LEVY: More Band-Aids for homeless caught in a cycle of dependence

Asked how the city “measures success” with the more than $13 million extra it is plunking into respite shelters this winter, the general manager of shelter support and housing Paul Raftis responded that “it was all about providing the service” and better tracking users.

“We want to understand who we are serving and how we can serve those individuals better,” Raftis said in a TV interview Friday.

What he was essentially saying — if you translate the bureaucratic-speak — is that they intend to better refer transients to the 11 respite shelters and 600 beds they will provide this winter so no one is left out in the cold.

Of course no one wants the homeless to die out in the streets in the freezing cold this winter.

Trouble is, that’s where the city’s aspirations seem to end.

When Raftis announced Friday that 11 respite sites — with 600 beds and three of them housed in $2.5 million pre-fabs with no windows — will open starting next Thursday, I was both angry and sad.

More money is yet again being thrown at the problem with no targets whatsoever for actually reducing the number of people on the streets and getting them the help the need.

The results of the city’s latest homeless census — done in April after five long years — won’t be out until the end of this month, long after the winter respite care program commences.

I hesitate to even call it respite care.

As costly they are, the city’s low-barrier shelters are the lowest of the low, nothing more than an expensive Band-Aid that fosters a cycle of dependence. They provide a handout instead of a hand-up.

Make no mistake, these low-barrier respite shelters at $105-per-client per night will do nothing more than warehouse the homeless and their pets, provide them hot meals and a roof over their heads, along with some medical care if necessary.

What’s worse is that some seriously troubled — addicted and mentally ill — transients are being crammed together in tight spaces with no supports whatsoever, no help with basic skills, employment, their addictions and whatever other issues trouble their souls.

Christopher Katsarov/The Canadian Press

No wonder, as experience has shown in the past year, they pour out onto the streets wreaking havoc in the surrounding neighbourhoods.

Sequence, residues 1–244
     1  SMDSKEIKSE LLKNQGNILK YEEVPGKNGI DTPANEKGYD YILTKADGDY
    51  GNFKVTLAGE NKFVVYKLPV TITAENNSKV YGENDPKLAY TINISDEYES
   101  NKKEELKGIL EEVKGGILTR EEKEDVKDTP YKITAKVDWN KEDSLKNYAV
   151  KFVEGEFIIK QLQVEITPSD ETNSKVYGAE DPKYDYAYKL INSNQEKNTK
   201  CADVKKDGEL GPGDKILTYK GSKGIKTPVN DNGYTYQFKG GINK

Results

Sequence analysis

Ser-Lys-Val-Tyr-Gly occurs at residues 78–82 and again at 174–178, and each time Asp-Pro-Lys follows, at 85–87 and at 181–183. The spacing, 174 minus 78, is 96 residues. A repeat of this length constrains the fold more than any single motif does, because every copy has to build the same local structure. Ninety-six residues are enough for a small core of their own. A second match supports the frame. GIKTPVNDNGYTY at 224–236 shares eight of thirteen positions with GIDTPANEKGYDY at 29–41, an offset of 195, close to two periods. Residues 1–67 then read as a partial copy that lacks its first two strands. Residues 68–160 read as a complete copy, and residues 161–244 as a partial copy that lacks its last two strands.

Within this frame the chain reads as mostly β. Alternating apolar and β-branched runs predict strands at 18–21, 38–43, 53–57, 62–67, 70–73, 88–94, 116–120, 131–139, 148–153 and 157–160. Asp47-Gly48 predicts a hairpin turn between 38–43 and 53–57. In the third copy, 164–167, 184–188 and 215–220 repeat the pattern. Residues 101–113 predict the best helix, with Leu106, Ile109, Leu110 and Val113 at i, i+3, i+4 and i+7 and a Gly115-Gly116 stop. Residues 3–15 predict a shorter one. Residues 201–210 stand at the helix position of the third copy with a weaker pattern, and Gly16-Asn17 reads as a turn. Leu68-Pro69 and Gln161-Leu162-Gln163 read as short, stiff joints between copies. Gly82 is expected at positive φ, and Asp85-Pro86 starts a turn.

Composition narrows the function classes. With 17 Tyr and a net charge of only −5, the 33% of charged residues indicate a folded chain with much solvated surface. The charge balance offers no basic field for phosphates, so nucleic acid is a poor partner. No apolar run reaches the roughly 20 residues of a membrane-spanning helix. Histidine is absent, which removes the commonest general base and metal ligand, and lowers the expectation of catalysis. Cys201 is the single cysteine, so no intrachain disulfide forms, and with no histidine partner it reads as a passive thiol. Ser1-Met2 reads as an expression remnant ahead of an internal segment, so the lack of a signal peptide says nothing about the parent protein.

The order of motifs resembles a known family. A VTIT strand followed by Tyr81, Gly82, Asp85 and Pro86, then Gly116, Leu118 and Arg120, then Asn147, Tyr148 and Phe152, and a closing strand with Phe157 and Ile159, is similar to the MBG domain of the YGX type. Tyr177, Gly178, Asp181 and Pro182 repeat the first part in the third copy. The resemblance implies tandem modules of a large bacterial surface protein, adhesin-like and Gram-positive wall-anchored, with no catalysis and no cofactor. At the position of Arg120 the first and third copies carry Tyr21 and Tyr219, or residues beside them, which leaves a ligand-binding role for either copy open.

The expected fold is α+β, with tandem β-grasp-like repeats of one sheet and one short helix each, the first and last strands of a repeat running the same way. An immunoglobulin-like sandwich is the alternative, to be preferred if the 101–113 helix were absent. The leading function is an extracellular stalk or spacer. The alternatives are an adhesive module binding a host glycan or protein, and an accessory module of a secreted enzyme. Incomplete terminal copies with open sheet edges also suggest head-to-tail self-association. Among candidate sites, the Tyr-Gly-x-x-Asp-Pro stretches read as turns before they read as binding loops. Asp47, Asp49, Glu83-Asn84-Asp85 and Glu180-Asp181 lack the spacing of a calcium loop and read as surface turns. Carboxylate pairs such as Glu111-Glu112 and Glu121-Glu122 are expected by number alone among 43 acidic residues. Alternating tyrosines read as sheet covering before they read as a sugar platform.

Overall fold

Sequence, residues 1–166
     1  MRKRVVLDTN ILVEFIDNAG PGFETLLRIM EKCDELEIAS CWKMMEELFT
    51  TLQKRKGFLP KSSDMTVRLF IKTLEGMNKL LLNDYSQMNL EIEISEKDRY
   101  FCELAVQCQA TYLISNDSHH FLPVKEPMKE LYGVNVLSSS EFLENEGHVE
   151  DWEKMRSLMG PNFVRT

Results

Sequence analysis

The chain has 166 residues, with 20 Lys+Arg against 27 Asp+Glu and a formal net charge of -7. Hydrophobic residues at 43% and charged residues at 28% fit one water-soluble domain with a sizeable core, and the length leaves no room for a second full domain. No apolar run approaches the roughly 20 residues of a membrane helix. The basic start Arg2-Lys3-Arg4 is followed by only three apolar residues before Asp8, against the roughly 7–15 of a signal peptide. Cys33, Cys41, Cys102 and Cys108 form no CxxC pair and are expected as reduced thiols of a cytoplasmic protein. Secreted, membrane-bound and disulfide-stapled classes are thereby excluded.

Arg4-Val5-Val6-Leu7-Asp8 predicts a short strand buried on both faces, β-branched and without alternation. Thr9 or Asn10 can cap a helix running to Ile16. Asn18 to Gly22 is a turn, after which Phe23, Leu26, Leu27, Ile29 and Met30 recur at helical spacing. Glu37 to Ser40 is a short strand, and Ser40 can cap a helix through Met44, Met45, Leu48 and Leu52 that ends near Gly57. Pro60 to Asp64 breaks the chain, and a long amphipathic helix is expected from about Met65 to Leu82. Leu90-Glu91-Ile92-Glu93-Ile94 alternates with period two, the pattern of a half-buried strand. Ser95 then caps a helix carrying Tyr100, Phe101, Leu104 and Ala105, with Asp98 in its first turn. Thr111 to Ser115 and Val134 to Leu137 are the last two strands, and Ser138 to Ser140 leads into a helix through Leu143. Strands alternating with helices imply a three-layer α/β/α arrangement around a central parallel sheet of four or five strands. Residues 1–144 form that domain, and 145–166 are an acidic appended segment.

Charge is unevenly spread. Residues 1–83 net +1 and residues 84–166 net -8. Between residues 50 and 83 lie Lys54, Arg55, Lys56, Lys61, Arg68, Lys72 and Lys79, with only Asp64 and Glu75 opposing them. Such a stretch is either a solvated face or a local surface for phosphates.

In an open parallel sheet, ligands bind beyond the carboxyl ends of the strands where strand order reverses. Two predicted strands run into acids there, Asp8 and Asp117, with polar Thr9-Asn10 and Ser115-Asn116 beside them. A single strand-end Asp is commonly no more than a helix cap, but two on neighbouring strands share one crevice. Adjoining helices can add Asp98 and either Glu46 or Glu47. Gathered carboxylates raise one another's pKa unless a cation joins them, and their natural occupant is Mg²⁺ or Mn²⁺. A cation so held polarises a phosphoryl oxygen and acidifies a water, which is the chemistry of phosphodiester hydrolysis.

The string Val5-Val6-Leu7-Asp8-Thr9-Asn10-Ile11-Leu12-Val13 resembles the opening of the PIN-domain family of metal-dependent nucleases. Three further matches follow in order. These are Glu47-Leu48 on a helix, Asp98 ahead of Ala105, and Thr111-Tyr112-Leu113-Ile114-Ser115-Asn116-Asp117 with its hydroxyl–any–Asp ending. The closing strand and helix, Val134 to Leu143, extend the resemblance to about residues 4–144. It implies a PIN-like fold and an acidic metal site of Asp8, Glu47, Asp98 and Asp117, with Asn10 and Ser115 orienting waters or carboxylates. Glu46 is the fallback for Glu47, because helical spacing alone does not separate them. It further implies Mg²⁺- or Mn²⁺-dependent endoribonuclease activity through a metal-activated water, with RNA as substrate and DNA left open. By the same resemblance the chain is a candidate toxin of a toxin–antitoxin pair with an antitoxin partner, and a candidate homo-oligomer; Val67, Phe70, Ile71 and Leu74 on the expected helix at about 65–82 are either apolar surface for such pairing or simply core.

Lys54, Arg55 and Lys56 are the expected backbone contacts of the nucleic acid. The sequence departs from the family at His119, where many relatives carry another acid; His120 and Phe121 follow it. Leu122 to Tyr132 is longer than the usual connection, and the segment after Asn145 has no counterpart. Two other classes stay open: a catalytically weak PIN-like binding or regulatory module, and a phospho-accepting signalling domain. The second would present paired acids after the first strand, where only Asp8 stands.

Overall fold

I’ve seen it time and time again since I first started studying the homeless in 2002. The latest was at the 21 Park Rd. shelter when it first opened last December. On a freezing cold Boxing Day, I walked in to see homeless sitting on stools and couches tightly clutching their possessions.

The only form of entertainment seemed to be that offered by a  few laptops. Two recognized me and wanted very much to tell me their stories.

I’m going to bet many of the same transients are still there a year later, although city officials refused to answer that question Friday.

This is by no means a new phenomenon.

But the numbers have certainly ramped up in the past four years since Mayor John Tory came to power (egged on by NDP councillors Joe Cressy and Mike Layton).

In 2014 there were 4,303 shelter beds (including motel rooms) costing on average $75 per night. This winter there will be close to 7,700 shelter beds at a rate of $105 per client per night. That’s a 79% increase in the number of beds and a 40% increase in the per diem.

It doesn’t include the Out of the Cold programs operating in churches and synagogues from November to April.

What troubles me more than anything is there are at least 1,200 rentable Toronto Community Housing Corporation (TCHC) units sitting vacant, mostly bachelors and one-bedrooms, that could easily accommodate some of those who have found their way to the city’s shelters or the chronic homeless.

I often wonder whether the city’s shelter bureaucrats really care, or listen, or think outside the box.

They certainly give the impression that they don’t want to reduce the cycle of dependence.

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2018-19 RESPITE SITES

  • 323 Dundas St. E. (50 beds)
  • 25 Augusta Ave. (50)
  • 354 George St. (105)
  • 705 Progress Ave. (49)
  • 21 Park Rd. (30)
  • 201 Cowan Ave. (21)
  • 545 Lake Shore Blvd E. (200)
  • Queen Elizabeth building, Exhibition Place (200)
  • 1155 King St. W, Lamport Stadium parking lot (100)*
  • 351 Lake Shore Blvd E. (100)*
  • 701 Fleet St. (100)*

(*Pre-fab locations)

Source:: Toronto Sun – Movies